Indianapolis -Heat treating crankshafts creates a harder (RC40 or higher) microstructure on the surface of connecting-rod journals, providing smooth engine operation and long life. However, in order to correct for heat-treat distortion and marring, extensive post-grinding is a costly necessity for engine manufacturers.
By finding a way around such marring or distortion, Contour Hardening, Inc., (CHI), saves engine manufacturers a lot of expensive post-processing. CHI's system uses heat treating coils that orbit around a vertically-mounted connecting rod, never touching the shaft. Mannesmann-Rexroth's "don't touch" orbiting control solution with a high resolution, 2-axis servodrive package was a key to the machine's success.
In traditional heat treating machines, as the crankshaft rotates, heavy roller-guided induction heating coils ride on the surfaces to be hardened. Distortion occurs from the weight of the induction-heating heads on the shaft, bending the hot shaft when it's most vulnerable. Marring stems from the cam insert contact.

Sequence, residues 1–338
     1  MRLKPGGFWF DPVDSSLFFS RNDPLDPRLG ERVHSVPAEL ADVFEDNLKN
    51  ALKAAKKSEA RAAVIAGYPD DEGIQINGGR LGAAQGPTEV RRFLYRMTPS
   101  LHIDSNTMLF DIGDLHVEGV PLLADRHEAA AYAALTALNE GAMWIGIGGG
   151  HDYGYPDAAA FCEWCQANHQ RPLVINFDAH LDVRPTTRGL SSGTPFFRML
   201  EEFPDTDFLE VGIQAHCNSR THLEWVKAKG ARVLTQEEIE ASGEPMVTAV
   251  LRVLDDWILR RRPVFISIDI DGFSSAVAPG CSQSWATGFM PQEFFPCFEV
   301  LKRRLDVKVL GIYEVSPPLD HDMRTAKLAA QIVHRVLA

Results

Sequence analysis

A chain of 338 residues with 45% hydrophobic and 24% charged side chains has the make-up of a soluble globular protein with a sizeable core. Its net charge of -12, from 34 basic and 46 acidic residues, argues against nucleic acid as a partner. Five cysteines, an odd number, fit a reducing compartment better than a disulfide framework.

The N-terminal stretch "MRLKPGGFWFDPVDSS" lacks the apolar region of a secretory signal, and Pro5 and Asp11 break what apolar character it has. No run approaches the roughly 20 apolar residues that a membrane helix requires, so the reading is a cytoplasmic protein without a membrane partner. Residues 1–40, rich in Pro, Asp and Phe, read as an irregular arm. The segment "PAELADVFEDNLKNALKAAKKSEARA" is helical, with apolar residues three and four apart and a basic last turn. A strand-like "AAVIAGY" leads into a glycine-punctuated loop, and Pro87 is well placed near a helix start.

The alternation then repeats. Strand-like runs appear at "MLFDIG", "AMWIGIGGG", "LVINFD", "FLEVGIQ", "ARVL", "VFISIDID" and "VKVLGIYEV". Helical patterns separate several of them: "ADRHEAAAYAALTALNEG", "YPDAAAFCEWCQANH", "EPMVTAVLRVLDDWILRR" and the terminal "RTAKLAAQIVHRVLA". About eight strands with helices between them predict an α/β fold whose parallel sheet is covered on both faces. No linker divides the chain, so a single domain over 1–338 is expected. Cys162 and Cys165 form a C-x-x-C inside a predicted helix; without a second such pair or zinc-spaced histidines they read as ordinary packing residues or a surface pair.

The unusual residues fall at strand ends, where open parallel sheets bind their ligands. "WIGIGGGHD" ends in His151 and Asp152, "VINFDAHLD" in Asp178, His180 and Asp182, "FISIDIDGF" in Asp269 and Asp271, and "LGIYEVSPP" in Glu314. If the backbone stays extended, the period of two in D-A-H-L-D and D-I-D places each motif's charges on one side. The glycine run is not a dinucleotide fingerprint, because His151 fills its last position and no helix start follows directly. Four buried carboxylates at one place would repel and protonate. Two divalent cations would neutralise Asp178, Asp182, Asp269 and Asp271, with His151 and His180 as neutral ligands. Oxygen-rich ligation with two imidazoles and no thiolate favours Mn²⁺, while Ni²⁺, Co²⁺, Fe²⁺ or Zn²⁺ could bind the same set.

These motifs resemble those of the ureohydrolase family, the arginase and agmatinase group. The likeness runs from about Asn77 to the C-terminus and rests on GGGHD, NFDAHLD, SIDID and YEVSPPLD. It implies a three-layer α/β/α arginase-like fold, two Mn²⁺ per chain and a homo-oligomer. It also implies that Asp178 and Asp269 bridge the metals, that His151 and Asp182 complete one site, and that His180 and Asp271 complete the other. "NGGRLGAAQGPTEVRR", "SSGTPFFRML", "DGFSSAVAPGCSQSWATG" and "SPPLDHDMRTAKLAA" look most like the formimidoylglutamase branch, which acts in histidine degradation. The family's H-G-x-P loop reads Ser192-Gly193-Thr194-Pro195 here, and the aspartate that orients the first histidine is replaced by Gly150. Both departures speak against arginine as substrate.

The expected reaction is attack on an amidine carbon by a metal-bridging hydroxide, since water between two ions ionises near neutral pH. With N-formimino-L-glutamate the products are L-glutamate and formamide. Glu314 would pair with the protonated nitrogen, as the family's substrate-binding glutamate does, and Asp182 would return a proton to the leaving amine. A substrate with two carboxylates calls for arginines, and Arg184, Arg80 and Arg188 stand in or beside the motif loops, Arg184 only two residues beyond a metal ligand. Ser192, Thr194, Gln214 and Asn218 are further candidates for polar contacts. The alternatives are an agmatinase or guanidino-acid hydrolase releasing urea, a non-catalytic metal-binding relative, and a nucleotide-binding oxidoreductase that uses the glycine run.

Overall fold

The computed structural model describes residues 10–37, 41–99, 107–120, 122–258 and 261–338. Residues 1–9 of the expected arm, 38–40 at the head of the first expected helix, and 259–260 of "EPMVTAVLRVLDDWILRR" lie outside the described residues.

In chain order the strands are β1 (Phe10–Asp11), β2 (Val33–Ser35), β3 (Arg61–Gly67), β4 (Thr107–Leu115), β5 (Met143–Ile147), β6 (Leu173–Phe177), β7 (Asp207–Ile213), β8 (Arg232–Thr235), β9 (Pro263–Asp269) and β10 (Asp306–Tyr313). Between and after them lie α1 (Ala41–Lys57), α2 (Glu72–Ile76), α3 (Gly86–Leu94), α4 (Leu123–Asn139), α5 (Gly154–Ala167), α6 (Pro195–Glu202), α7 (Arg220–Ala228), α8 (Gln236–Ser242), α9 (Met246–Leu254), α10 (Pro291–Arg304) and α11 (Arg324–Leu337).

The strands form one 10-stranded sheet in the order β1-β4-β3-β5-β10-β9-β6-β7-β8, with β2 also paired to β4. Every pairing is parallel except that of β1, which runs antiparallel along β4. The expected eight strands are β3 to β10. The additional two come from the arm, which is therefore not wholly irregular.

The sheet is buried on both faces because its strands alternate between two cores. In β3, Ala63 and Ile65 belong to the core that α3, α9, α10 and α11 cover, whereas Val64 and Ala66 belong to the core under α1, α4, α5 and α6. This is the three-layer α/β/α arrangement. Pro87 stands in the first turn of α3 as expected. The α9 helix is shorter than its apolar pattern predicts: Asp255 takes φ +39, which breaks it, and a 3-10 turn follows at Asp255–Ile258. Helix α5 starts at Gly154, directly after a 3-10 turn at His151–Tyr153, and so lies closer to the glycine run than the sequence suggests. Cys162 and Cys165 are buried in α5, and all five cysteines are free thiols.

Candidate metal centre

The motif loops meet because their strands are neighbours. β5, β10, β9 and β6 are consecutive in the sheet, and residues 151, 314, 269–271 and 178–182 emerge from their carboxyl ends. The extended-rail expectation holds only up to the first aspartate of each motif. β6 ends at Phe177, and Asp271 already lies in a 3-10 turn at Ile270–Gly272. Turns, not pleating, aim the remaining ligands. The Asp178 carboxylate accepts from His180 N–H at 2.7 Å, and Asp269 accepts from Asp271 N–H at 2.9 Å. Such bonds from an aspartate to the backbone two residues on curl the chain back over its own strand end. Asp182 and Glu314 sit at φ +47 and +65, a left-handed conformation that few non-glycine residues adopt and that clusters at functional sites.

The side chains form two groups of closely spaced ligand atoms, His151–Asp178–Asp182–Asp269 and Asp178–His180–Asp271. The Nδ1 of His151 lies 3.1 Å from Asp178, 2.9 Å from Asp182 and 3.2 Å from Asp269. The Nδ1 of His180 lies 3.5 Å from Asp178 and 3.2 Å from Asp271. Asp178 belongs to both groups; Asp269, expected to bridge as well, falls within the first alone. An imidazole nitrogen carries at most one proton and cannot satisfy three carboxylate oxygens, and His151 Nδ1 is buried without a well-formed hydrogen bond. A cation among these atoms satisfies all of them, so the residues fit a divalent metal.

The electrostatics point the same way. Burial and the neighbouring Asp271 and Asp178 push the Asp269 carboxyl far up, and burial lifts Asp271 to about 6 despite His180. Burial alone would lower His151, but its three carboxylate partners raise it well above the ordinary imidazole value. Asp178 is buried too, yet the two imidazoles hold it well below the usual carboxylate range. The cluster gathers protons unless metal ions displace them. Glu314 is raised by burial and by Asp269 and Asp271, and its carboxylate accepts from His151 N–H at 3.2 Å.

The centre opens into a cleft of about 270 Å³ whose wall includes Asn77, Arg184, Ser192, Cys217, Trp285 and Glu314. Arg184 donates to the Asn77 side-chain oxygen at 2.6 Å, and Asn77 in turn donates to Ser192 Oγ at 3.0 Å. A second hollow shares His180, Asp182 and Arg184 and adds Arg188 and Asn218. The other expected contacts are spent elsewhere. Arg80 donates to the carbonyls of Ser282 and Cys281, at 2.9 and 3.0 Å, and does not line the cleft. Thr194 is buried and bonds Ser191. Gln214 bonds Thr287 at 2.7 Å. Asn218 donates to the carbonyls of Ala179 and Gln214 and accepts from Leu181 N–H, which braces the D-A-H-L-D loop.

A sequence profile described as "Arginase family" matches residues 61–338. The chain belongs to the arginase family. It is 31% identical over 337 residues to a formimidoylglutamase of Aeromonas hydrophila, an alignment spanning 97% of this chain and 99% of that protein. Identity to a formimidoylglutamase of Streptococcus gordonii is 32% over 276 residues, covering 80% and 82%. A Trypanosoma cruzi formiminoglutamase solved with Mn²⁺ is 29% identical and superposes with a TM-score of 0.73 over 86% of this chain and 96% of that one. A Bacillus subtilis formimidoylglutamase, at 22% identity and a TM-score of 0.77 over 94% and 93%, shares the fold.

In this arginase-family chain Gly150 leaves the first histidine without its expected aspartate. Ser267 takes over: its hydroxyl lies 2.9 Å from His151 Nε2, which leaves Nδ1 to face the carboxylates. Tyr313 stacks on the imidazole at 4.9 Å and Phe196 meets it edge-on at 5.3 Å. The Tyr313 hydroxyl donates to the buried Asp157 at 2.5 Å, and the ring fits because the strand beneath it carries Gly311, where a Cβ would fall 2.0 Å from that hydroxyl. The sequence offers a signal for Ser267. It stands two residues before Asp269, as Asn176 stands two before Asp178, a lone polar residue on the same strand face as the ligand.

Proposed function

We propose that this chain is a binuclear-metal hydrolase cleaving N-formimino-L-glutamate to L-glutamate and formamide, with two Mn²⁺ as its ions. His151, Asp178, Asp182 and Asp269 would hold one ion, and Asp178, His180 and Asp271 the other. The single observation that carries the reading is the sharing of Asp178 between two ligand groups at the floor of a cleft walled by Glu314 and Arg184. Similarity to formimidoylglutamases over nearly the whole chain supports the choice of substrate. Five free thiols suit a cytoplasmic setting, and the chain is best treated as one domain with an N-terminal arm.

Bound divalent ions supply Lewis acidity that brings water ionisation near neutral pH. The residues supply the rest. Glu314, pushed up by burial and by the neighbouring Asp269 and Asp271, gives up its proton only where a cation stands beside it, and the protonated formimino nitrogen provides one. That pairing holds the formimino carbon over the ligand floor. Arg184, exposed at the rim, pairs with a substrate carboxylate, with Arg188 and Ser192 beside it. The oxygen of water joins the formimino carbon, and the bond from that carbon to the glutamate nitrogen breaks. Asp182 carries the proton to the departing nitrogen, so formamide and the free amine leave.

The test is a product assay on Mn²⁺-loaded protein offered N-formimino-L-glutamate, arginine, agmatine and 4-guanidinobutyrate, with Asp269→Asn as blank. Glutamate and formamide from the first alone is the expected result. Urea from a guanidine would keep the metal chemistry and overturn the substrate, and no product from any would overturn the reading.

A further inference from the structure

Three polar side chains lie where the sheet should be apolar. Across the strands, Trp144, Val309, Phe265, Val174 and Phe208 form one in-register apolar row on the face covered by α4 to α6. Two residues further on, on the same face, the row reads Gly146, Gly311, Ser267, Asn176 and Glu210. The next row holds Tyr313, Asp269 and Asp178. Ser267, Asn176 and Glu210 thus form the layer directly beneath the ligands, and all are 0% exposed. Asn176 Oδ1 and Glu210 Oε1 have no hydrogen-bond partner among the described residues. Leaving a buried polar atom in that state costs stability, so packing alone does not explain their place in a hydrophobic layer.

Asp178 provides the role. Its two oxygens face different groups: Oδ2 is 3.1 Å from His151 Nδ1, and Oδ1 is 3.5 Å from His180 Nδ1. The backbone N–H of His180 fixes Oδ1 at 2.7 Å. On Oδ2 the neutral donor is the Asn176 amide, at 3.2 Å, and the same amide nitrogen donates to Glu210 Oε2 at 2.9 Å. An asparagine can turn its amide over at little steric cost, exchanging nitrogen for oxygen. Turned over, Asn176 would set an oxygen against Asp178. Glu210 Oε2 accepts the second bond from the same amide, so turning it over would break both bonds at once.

"Everybody needs RC50 journal surfaces but nobody wants to grind them," quips John Storm, CHI president.
CHI's vertical crankshaft-hardening machine eliminates all contact between the induction coils and the journals. A package of Mannesmann-Rexroth motion controls moves the entire transformer busswork and coil weighing over 2,000 lbs through the required orbital path. It follows the orbiting connecting-rod journals and precisely maintains a 0.160-inch gap on all sides, accurate to 0.001 inch. Any closer and the part overheats and the risk of an electrical "short" increases. Any farther away, and case depth falls short.
To complicate the task, the crankshaft's rotational speed varies between 24 and 32 rpm with each cycle-slower when the coil is between the crankshaft's throws and faster when operating in the open. The motion system generates the circular orbit for the coil heads using essentially linear control logic and elements, which are far simpler and cost less than CNC or analog controls. "It operates like a high precision compound feed mechanism," says Dan Knall, CHI control engineer on the project.